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updated: 8/28/2014 5:23 AM

Trial begins in 2011 Schaumburg hotel beating

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  • Mitchell Barnes

    Mitchell Barnes

  • Joseph Stein

    Joseph Stein


A savage beating during an attempted robbery or a sexual encounter gone wrong? Prosecutors and defense attorneys offered conflicting scenarios Wednesday as the trial of Mitchell Barnes began in Rolling Meadows.

Barnes, a former Barrington Hills resident, is charged with attempted murder, home invasion and robbery in an attack police say took place three years ago at the Homestead Studio Suites in Schaumburg. Prosecutors say Barnes orchestrated the attack on William Mallette, 46, who suffered spine and rib fractures, fractured thyroid cartilage and a partly collapsed lung in the beating.

"Mitchell Barnes told them how it was going to go down," said Cook County Assistant State's Attorney Susanne Groebner. "This was his plan, and he was going to execute it."

Defense attorney Nenye Uche challenged that scenario, insisting his client defended himself against a sexual assault by the "so-called victim."

He said Barnes went to Mallette's room early on Aug. 13, 2011, to perform a sex act in exchange for money. Barnes and Mallette argued, Uche said. When Barnes tried to leave, Mallette grabbed him, called him a racial slur and told him to "get on the bed," said Uche, who said his client "was fighting for his life."

Mallette denied any sexual encounter. He testified he was awakened by a knock on his door accompanied by someone shouting that the hotel was on fire. Opening the door, Mallette said he "was met by a punch in the head" from a man who beat, kicked and choked him. The man was accompanied by another man, said Mallette, who claimed he passed out, awoke several hours later and called 911.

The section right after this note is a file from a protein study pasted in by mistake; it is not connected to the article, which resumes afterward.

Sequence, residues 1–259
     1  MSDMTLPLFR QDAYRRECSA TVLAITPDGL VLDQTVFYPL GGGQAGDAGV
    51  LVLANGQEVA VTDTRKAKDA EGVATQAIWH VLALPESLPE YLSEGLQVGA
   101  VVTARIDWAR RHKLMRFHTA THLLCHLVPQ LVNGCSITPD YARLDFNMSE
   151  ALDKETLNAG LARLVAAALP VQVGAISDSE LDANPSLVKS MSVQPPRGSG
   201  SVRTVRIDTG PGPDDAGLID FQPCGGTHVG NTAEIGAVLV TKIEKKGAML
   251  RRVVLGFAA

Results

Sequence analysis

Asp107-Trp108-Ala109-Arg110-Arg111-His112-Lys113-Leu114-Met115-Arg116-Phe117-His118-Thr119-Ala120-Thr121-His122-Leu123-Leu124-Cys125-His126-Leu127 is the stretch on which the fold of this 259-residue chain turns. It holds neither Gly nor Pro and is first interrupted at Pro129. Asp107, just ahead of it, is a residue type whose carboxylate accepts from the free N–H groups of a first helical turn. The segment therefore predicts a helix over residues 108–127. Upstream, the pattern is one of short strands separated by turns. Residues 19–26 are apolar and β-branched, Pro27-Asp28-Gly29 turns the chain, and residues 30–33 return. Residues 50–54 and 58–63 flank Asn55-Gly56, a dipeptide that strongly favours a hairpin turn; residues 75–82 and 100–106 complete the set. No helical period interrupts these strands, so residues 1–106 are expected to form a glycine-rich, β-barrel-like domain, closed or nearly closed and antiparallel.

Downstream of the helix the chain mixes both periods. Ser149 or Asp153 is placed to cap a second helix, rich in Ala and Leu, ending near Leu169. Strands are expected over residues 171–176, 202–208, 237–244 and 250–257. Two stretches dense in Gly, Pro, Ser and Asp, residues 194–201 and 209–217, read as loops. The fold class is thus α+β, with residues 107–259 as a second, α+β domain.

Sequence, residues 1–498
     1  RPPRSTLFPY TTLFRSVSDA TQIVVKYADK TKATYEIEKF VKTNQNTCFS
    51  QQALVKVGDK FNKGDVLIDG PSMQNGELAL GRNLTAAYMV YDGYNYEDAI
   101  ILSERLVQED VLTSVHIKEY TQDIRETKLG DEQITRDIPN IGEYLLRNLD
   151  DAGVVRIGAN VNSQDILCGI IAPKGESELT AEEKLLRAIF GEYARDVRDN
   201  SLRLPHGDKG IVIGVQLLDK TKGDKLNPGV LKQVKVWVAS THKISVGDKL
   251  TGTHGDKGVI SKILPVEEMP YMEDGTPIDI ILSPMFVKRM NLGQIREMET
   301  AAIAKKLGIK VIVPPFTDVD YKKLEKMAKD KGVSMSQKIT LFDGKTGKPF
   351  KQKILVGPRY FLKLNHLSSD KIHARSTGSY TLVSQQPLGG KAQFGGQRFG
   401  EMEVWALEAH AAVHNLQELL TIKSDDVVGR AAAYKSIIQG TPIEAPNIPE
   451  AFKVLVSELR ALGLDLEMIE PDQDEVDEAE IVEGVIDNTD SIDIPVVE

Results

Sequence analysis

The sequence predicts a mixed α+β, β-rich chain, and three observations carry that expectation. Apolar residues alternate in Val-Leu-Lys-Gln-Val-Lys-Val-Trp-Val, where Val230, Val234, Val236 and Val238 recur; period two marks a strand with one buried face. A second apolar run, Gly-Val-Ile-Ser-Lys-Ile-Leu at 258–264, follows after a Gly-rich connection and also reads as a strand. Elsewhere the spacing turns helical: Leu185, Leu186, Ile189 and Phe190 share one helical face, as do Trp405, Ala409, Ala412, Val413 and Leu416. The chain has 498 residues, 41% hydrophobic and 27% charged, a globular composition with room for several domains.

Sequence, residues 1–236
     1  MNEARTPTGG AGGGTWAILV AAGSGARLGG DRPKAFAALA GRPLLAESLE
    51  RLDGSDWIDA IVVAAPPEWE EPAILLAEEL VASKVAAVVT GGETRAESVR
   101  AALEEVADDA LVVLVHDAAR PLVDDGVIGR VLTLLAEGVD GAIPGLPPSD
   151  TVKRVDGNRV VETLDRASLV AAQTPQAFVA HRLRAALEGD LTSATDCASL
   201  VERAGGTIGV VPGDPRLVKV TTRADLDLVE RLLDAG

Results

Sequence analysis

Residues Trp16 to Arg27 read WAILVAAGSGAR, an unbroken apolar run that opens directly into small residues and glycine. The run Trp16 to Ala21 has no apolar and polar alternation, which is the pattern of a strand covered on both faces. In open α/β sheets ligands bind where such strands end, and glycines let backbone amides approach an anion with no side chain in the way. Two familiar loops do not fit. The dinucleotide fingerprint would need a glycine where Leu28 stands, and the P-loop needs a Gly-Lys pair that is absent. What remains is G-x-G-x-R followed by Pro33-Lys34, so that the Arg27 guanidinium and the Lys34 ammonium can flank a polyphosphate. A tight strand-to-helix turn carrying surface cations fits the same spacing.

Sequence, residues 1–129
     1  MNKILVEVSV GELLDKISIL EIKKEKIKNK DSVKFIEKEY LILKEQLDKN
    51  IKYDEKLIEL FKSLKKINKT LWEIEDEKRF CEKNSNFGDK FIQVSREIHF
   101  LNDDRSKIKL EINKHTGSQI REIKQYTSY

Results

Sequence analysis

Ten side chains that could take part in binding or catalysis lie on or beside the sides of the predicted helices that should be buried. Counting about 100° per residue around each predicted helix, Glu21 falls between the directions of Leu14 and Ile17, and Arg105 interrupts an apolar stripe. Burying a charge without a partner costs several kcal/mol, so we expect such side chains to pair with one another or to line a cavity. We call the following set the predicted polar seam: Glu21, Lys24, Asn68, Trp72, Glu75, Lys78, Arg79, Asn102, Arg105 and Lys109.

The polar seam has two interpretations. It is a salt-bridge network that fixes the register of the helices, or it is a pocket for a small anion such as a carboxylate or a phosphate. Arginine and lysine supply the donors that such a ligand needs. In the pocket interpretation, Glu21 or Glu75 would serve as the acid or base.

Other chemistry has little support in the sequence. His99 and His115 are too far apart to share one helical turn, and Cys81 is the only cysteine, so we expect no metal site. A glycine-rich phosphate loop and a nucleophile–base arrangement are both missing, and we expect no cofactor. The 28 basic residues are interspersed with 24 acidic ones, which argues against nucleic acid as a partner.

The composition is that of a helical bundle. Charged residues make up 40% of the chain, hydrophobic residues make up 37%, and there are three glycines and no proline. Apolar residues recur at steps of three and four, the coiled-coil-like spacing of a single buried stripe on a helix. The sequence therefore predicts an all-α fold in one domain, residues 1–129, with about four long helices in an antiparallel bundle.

Uche confronted Mallette about different versions of the story he said Mallette gave authorities, including one where three black men entered the room and another where he said it was two black men and a Hispanic man. Mallette denied those claims. He also denied offering Barnes money for sex.

"None of this is true," Mallette said in response to Uche's questions. "I was fighting for my life."

Schaumburg police officer Jim Hackett testified he questioned Mallette's timeline, saying, "My problem was at one time he said it (the attack) was about 4:20 a.m. Then he changed his story to say it was 1:30 a.m. to 1:50 a.m."

Testimony concluded with co-defendant Joseph Stein, 23, who agreed to plead guilty to robbery and testify against Barnes. In exchange, Stein will be sentenced to six years in prison, with a boot camp recommendation.

Stein testified he was hanging out at the hotel with friends, drinking and smoking pot early that evening. He said he and two friends were outside the hotel smoking cigarettes when Mallette began talking to them and invited them to his room to use cocaine. The three declined and returned to their room -- which was across the hall from Mallette's -- where Barnes joined them sometime later, Stein said. After they told him what happened outside, Stein said, "Mitch started to make a plan" to knock on Mallette's door, tackle him and take his money clip.

Testimony continues today.

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